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Why Adrian Peterson makes sense for the Saints

Adrian Peterson's career has been defined by defying expectations, whether running for 2,000 yards after knee surgery or leading the league in rushing at age 30. For his final act, Peterson will try to succeed in a role that no one saw coming: backup running back in a pass-first offense. It's just crazy enough to work.

Peterson agreed to a two-year, $7 million contract with the New Orleans Saints on Tuesday, NFL Network Insider Ian Rapoport reported, and the terms of his contract tell part of the story. He's guaranteed $3.5 million, which, by no coincidence, is just under the $3.7 million that Mark Ingram is set to earn in 2017. For now, the Saints are sending a message that Ingram is option 1A in a two-man backfield that could fit Peterson better than most people think.

Peterson has never been an asset on passing downs, and nearly every snap on a team run by Sean Payton and Drew Brees is a potential passing down. But there has always been space for a Peterson-like runner in the Saints' offense. Chris Ivory used to be the team's between-the-tackles hammer, a role that was played last season by Tim Hightower, who wound up with 155 touches. Peterson will step into that job at the very least, although he should carry the ball much more in a Saints backfield that was quietly thin before this move.

Payton, like Bill Belichick, has always preferred to have many running back options who can perform different roles. The Saints were at their best when Ivory was one of four runners in a diverse backfield that included Ingram, Pierre Thomas and Darren Sproles. Now Ingram, Peterson and satellite back Travaris Cadet will share the load.

Worrying about who the "starter" is between Ingram and Peterson misses the point. They both will have a huge role to play, and it's on Peterson to prove he needs to stay on the field. Ingram is a former first-round pick, but the six-year veteran has never had the kind of workhorse responsibilities Peterson handled in Minnesota. While Ingram has improved greatly on passing downs over the years, he's never played more than 542 snaps in a season. That should leave plenty of room for Peterson.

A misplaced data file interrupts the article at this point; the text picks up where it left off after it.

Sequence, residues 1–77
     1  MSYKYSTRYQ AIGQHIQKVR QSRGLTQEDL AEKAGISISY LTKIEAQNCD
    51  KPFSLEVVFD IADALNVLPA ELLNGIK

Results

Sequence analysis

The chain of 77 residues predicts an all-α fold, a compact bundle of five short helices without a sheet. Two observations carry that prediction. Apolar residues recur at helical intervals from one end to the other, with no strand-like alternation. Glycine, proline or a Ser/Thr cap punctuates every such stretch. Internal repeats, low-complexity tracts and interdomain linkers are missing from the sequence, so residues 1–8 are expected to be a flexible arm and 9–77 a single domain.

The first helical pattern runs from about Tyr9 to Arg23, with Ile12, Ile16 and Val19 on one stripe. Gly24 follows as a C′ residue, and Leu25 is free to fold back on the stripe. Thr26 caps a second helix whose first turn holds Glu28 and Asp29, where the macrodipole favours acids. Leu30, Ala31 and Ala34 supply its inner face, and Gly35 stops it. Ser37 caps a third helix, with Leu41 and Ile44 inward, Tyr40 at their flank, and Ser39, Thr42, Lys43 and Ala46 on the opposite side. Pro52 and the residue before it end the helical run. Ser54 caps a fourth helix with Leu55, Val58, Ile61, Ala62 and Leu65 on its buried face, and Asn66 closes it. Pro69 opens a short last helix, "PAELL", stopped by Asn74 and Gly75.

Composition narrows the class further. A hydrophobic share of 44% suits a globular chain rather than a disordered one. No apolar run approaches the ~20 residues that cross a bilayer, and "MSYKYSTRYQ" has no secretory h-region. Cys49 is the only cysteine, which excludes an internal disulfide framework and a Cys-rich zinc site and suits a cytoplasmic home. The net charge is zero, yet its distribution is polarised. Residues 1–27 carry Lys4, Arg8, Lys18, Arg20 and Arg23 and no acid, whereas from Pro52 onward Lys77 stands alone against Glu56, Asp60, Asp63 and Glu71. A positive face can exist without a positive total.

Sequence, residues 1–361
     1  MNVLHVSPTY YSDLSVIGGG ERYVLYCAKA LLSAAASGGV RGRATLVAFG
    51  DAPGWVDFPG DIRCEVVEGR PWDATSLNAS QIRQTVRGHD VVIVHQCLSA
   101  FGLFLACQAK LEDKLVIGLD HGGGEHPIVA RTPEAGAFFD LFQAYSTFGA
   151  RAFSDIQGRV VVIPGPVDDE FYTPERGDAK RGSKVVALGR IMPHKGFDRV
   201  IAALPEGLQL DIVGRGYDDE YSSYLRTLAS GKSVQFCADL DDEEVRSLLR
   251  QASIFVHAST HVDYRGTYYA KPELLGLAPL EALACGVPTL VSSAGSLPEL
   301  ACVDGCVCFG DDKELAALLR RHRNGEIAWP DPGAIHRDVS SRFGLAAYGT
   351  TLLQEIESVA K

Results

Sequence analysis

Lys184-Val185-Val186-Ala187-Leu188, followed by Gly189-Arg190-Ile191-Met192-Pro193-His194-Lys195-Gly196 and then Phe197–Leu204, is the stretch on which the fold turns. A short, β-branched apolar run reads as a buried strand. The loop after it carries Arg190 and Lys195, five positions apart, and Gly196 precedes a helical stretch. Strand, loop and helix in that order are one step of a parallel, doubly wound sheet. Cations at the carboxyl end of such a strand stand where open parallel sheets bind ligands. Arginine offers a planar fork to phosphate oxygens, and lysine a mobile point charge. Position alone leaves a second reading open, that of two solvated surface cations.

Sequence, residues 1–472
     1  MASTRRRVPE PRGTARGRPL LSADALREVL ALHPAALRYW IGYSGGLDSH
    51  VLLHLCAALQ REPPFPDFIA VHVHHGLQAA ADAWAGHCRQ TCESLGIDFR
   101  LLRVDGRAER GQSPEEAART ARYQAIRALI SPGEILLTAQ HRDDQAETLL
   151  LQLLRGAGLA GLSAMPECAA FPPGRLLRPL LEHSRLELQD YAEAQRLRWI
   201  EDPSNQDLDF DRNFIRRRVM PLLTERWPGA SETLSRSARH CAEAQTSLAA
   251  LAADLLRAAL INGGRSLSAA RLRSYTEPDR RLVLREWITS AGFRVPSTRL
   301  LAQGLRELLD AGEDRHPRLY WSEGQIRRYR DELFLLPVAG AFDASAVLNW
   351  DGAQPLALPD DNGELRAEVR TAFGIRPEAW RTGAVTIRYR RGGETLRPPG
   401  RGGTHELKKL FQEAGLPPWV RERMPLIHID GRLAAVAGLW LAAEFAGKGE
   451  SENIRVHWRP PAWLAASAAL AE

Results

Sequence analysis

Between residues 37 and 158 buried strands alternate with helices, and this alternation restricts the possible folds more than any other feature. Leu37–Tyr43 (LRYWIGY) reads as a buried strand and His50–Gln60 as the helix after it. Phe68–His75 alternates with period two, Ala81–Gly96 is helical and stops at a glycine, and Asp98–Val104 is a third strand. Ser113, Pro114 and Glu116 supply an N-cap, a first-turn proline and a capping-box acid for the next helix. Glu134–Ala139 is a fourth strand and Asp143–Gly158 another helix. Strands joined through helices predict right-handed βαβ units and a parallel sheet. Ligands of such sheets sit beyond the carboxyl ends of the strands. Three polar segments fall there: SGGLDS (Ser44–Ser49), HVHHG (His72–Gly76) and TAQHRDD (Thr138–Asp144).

"On offense, it goes without saying that the Saints are really solid behind Drew Brees. I feel like my skill set can make them even more dominant as a unit," Peterson said in a statement released after the signing. "They have a great offensive line, which is something that stood out to me as well. I could tell from talking to head coach Sean Payton over the last two weeks that he did his due diligence in evaluating how I could contribute."

Peterson should be excited. Often playing with one hand behind his back because of the quarterback situation or offensive line in Minnesota, Peterson now joins a top-five quarterback and a line that ranked among the league's best in run-blocking in 2016, according to Football Outsiders. Peterson will face more advantageous fronts in New Orleans. The Saints do a great job spreading teams out horizontally with all of their receivers, and Peterson is built to gash opponents up the middle.

The learning curve for Peterson in the Saints' pass-heavy offense could be steep, although perhaps the fit isn't as awkward as one would expect. While the NFL has moved inexorably toward playing out of the shotgun formation at all times, the Saints have gone in the other direction. The team ranked 28th in shotgun snaps in 2016. They ran the ball with Brees under center, not in the shotgun, 80.45 percent of the time, good for fifth in the league. That track record plays to Peterson's strengths, and I'd expect the team to play to its personnel with more power football in 2017.

The mystery here that no one can answer with full confidence in April: Which version of Peterson will show up in New Orleans? Normally, a 32-year-old coming off a season plagued by knee and ankle injuries would inspire only skepticism. Peterson is anything but normal. He's one of the greatest players at any position of this century, just two years removed from leading the league in rushing. Peterson has long overwhelmed opponents with his physicality and aggressive running style. He simply runs harder than everyone else, and that's never changed as long as he's been on the field. Paying $3.5 million for the possibility of greatness is a gamble worth taking from a Saints front office that has made many worse longshot bets.

Any disappointment for Peterson about the lack of money and starting-job offers he found in free agency should dissipate when he hits the field in Metairie, Louisiana, for offseason practices. He finally has an offensive line. He has Drew Brees. He has a head coach in Sean Payton running out of chances to recapture past glory -- something Payton might need to find if all three want to avoid looking for work elsewhere in 2018.

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